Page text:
I Go Costanza Style In The Office Shitter, But Why?

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I’ve been using a toilet since I was two years old, give or take, and the only times I can ever recall sitting on one without a shirt on were when the following applied: 1. I was at the home base (or temporary living quarters like a hotel), and 2. I was already shirtless when the need to evacuate hit me — hanging around the house, prepping for a shower, after doing yard work, etc. That’s it, really. Under any other circumstances, I was doing my business with a shirt on. You know, like an adult.

That was until recently, when my bathroom world got turned upside down. I noticed I had developed a natural propensity to go Costanza style in the office restroom.

The Bathroom Costanza – The “Bathroom Costanza” is the practice of de-shirting before occupying a toilet seat, and remaining shirtless throughout the duration of one’s time on said seat. Per George Costanza, this enables one to feel free and unhindered while completing the task at hand.


George likes to feel free and loose on the toilet, unencumbered by the perils of a clothed torso. It’s a little out there, but I get it. It wasn’t my reason, but I feel George here. So, why did I pick up the habit?

Out of pure instinct, I would walk into the stall of our office restroom, assess my environment, secure the door latch, check the seat for cleanliness, then, for reasons I’m still investigating, I’d de-shirt before taking my seat. After a solid year of practicing the Bathroom Costanza, I thought to myself, Why am I doing this? I’m an adult. I’m not a child. What’s the point of this? Am I afraid of getting shit on my shirt? Nah, that’s never happened to me before. Am I afraid my shirt will dip into the toilet water? No. That, too, has never occurred during my vast bathroom experience. Then why? And why is it different here that at home?


I don’t know these people. They don’t know me. I don’t want to know these people. But we share a shitter.

I’ve only come up with one theory, and even that one is still in its developmental stages. Honestly, it’s not quite ready to be known to outsiders, but I’m afraid it’ll never get there, so I’m sharing it with you all now. Here’s my theory: strangers use the same restroom, which has caused me to feel the need to minimize contact between myself and them. We share an office with about four other lessees — a few doctors’ offices and some sort of mortgage finance company. I don’t know these people. They don’t know me. I don’t want to know these people. But we share a shitter. That means some unknown asses touch the same seat my ass touches. I don’t know these asses. They don’t know mine. I don’t want to know these asses. But they share a toilet seat with mine. Now, this doesn’t necessarily make for an uncomfortable restroom environment, but it does make for an unfamiliar one. Fear of the unknown is the motivation here.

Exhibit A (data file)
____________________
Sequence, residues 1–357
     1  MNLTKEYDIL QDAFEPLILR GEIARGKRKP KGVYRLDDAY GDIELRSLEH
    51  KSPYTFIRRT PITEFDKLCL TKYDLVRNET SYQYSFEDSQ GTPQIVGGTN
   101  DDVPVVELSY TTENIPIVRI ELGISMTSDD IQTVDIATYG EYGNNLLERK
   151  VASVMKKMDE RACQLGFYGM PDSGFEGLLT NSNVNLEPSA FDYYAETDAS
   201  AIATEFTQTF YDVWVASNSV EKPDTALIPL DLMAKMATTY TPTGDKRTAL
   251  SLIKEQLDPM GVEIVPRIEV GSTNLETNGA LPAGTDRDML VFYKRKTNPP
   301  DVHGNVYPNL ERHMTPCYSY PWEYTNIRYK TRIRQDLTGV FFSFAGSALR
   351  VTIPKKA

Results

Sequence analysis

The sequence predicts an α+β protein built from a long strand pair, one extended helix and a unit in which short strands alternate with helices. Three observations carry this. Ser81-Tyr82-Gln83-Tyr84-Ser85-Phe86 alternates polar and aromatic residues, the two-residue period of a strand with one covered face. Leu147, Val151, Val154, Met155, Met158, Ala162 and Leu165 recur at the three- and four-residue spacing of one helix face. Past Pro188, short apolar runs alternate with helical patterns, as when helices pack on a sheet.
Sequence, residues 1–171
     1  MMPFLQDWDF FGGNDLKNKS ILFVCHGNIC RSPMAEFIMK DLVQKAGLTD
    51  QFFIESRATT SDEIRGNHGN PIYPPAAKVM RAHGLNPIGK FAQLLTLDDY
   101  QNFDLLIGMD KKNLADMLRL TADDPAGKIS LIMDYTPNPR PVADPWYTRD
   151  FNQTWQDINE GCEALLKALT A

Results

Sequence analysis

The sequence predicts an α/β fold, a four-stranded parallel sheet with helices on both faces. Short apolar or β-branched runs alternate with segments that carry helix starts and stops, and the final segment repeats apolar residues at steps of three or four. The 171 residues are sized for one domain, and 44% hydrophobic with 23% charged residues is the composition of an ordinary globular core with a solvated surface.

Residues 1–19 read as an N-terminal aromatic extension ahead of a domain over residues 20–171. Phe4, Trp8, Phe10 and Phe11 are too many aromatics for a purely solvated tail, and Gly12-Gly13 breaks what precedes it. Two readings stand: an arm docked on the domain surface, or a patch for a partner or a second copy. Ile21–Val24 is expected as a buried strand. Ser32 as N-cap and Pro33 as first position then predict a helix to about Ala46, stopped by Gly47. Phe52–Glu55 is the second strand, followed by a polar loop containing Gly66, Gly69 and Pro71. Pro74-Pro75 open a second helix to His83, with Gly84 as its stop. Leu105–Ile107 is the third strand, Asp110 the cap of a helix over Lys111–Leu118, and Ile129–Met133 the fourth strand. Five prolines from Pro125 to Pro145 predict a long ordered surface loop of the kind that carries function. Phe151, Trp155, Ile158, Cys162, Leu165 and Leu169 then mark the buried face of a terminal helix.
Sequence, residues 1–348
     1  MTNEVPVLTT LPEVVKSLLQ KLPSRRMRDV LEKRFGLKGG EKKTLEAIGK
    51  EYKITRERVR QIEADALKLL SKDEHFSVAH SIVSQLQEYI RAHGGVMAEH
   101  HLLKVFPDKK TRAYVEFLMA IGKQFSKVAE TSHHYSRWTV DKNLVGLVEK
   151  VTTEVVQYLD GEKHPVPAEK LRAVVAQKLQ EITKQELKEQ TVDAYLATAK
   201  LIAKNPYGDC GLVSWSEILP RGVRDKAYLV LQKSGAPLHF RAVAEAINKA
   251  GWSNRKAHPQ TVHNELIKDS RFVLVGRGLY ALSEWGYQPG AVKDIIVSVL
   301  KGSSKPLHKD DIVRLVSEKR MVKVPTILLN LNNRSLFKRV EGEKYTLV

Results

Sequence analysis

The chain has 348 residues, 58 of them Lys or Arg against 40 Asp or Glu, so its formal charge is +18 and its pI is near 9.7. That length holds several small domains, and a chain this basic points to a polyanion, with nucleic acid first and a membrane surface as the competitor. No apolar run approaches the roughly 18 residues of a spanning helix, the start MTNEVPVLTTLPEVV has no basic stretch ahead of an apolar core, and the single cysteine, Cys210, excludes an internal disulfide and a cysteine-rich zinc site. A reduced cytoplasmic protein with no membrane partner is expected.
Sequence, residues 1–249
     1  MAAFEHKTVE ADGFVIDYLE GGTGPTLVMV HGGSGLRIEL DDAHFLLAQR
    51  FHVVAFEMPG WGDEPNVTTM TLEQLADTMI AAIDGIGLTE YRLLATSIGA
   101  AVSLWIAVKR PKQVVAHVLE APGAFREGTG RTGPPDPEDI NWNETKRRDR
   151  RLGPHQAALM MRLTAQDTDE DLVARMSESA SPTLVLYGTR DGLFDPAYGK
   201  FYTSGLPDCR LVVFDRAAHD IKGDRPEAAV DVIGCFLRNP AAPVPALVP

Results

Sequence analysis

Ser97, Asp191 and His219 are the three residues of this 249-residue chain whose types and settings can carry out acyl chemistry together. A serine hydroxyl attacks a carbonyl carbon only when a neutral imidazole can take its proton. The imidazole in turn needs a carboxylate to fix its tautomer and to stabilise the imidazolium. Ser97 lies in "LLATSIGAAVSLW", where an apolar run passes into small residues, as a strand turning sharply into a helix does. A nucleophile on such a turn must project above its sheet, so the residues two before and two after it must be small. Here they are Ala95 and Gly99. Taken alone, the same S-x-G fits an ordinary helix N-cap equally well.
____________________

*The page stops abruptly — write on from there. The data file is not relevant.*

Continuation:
To minimize contact between myself — including all of my belongings (my shirt, particularly)  — and these strange people and their asses, I think I’ve turned to subconsciously removing the only detachable thing possible, ie. my shirt.

I can’t let it get contaminated. You know some 55-year-old man named Gary is coming back from lunch at Arby’s and setting up camp in there for 45 minutes, probably reading the paper and spreading his funk all around that place. I don’t really know hat he’s doing in there, but I have to assume the worst. It’s not pretty. I can’t have my shirt in that kind of environment. It’s unsafe. It’s unsanitary. Why? Not sure really. I guess because I just don’t know Gary. Gary might be the most disgusting human on the planet, and until I meet the man — I never will — I won’t be able to cross that possibility off the Gary profile.

I’m a Costanza shitter. Not a proud one, but I’m pretty cool with it. As I exit that stall, I throw my threads back on, wash up, then I walk out feeling like my shirt is still as fresh as the day it left the factory. I take solace in that.

Someone’s going to walk in, see it, and think you’re in there doing all kinds of freaky shit. Screw that guy, though.

Who else goes Costanza style in the shitter? Stand up. Tell someone. We’re out there. You’re not alone. Tell me your story. Where do you set your shirt after taking her off? You have a hook in there you get to hang it on? Do you fold her up and set her on the TP dispenser? Maybe you use a handicap stall and get to hang it on the handrail in there. That’s a sweet setup. You obviously can’t fling it over the top of the stall door and leave it there. It’s too risky. Someone’s going to walk in, see it, and think you’re in there doing all kinds of freaky shit. Screw that guy, though. He doesn’t understand you. He’s a shirt-on type of guy, and Gary’s funk is probably clinging to him.

Maybe we can have a shirtless meet-and-greet sometime, really talk it out. Are we weird? Perhaps. After all, George Costanza is the most neurotic sitcom character of all time.

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Dillon Cheverere

Dillon Cheverere is the Vice President of Media for Grandex, Inc. Dillon graduated (BBA) with a GPA sitting in the meaty part of the bell curve, not lagging behind, but not trying to show off, either. Golf is his game now. He's long off the tee but can't putt for shit. Email:

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